Memorials of Human Superstition: Being a Paraphrase and Commentary on the Historia Flagellantium of the Abbé Boileau ...

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G. Robinson, 1784 - Electronic books - 426 pages
 

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Page 129 - ... unmercifully. The friar affected to hear her without emotion, and continued his sermon with great composure ; only he would now and then lift up his eyes towards the top of the tree, as if he wanted to see what was the matter. At last, when he judged...
Page 129 - ... found means to convey a small box filled with gunpowder, and out of the box hung a long thin match that was to burn slowly, and was hidden among the leaves of the trees.
Page 28 - Wherefore have ye not fulfilled your task in making brick, both yesterday and to-day, as heretofore ? 15. Then the officers of the children of Israel came and cried unto Pharaoh, saying, Wherefore dealest thou thus with thy servants ? 16. There is no straw given unto thy servants ; and they say to us, Make brick : and, behold, thy servants are beaten ; but the fault is in thine own people.
Page 143 - In fz&, the next day, a chapter having been fummoned, the Abbot defired the Prior to fill his place, while himfelf took his feat among the reft of the monks. Soon after the chapter was begun, he came forward into the middle of the aflembly, accufed himfelf of...
Page 30 - And it shall be, if the wicked man be worthy to be beaten, that the judge shall cause him to lie down, and to be beaten before his face, according to his fault, by a certain number.
Page 63 - Man (Virgator) whofe office it was to perform the operation. And in another place, Plautus, alluding to the thongs of ox-leather with which whips were commonly made...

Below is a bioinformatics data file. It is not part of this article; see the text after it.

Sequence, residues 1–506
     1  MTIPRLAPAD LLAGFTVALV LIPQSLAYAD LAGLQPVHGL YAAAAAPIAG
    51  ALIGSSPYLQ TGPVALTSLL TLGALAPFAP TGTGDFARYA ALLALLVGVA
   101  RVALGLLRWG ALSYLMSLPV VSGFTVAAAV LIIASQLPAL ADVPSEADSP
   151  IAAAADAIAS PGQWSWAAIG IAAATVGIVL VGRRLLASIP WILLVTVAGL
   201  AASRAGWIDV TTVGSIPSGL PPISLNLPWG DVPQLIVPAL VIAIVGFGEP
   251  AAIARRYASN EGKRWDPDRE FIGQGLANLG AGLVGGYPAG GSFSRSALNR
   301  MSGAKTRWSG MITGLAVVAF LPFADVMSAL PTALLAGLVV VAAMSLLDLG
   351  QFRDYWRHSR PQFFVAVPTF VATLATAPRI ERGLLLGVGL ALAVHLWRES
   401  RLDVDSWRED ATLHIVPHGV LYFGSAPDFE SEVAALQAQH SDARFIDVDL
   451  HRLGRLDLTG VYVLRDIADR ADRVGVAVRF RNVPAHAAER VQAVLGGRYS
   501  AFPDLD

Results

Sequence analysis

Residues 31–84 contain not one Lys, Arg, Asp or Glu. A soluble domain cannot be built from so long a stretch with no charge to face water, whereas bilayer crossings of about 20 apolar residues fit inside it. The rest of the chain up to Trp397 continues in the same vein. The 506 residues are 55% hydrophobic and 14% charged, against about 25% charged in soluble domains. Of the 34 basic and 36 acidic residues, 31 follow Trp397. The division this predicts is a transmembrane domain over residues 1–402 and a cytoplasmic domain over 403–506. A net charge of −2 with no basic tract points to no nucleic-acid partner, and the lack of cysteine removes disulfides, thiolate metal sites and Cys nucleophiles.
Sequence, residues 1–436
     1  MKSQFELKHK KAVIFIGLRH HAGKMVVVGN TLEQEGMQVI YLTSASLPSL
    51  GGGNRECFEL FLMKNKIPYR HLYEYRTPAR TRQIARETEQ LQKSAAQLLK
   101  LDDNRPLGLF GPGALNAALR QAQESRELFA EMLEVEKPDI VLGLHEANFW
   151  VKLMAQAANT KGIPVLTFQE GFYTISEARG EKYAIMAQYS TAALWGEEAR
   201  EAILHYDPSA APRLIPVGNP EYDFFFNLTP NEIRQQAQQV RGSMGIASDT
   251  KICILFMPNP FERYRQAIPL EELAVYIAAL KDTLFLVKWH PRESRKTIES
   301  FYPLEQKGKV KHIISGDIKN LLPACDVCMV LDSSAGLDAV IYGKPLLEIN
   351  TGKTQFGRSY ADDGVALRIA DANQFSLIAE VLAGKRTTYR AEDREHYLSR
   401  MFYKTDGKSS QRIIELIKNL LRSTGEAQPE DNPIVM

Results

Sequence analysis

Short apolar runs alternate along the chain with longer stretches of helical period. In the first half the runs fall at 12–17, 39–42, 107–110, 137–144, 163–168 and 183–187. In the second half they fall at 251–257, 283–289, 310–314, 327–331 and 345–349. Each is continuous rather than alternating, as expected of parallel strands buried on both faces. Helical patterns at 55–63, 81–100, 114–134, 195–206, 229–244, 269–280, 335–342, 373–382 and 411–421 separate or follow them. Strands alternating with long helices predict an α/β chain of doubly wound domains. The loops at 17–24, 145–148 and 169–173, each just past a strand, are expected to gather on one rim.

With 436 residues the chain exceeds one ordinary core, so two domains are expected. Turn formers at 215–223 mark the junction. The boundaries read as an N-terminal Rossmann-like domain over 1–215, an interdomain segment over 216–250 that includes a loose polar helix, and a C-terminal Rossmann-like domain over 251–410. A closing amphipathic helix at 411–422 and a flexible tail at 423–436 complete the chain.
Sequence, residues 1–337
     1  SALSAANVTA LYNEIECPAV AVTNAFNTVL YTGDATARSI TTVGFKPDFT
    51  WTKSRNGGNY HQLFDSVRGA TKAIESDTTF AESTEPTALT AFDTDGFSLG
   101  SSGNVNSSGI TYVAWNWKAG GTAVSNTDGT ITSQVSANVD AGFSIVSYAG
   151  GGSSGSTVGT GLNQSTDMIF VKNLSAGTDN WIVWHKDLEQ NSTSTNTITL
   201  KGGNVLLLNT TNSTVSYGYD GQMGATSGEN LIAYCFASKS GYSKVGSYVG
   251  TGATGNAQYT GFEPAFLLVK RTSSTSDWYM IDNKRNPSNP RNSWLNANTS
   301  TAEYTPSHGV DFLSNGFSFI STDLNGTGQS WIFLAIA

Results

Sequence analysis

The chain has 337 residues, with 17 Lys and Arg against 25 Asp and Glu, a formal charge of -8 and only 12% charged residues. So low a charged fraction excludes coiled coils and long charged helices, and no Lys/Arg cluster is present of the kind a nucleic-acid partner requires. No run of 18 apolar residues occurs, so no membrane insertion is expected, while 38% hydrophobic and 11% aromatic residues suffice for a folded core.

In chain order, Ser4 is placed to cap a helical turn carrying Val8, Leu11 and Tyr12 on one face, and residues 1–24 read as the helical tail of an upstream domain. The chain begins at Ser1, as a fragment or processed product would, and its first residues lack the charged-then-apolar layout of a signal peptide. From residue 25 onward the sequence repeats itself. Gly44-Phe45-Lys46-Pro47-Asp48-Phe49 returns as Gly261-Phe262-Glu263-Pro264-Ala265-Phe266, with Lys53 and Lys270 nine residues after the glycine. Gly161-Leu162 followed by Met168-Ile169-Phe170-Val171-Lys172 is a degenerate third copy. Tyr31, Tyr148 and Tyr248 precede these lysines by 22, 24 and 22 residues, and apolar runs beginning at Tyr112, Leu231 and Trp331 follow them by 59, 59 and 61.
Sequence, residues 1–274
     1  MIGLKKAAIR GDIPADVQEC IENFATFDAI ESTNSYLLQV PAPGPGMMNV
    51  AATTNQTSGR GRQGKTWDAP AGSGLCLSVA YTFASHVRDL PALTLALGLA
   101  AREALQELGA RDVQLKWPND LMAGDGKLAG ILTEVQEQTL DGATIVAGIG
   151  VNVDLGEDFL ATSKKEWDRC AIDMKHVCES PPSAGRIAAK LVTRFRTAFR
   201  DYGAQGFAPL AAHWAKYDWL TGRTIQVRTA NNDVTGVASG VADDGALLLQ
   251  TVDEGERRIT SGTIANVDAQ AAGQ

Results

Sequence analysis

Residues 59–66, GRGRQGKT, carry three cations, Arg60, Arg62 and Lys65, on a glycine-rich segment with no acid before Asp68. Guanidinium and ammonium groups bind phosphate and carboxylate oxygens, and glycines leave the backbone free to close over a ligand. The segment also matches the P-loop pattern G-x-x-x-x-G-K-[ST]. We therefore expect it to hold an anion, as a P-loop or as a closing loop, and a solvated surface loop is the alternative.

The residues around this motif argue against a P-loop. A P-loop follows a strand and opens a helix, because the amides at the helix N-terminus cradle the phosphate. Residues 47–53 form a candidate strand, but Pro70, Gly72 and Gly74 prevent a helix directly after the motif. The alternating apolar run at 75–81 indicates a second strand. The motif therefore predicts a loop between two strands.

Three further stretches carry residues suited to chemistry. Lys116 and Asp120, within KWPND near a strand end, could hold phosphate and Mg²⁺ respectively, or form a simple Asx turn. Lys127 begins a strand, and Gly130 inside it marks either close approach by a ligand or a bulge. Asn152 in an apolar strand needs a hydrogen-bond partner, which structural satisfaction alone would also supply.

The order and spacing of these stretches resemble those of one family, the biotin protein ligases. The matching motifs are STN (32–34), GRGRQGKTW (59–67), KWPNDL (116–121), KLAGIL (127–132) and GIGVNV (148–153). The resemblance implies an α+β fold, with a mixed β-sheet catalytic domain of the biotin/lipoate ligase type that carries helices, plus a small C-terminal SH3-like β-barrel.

Page 143 - ... proper to withdraw; and as foon as he had taken his leave, fome of the Monks began to admire his extraordinary condefcenfion; while the others were not without fears that it foreboded fome misfortune. Indeed, the latter were in the right; for the Reader muft not think that the Abbot had...
Page 8 - ... to be performed. The work, or problem, therefore I propofed to myfelf, inftead of being that which more commonly occurs, and is exprefled in the following terms ; " certain arguments being given, to find the neceflary facts to fupport them ;" was this, a certain number of facts, pretty well authenticated, being given, to find the natural conclufions and inductions which they fupply.
Page 344 - All musical instruments and love songs ceased to be heard. The only music that prevailed both in town and country was that of the lugubrious voice of the penitent, whose mournful accents might have moved hearts of flint: and even the eyes of the obdurate sinner could not refrain from tears. Nor were women exempt from the general spirit of devotion we mention: for not only those among the common people, but also matrons and young ladies of noble families, would perform the same mortifications with...
Page 114 - One of his methods of mortifying himfelf was, to make frequent genuflexions ; and he made them fo quickly, it is faid, and in fuch numbers, that a perfon, who one day fpied him from a little diftance, and attempted to count them, grew tired, and left it off when he had told two thoufand.— — — «St.

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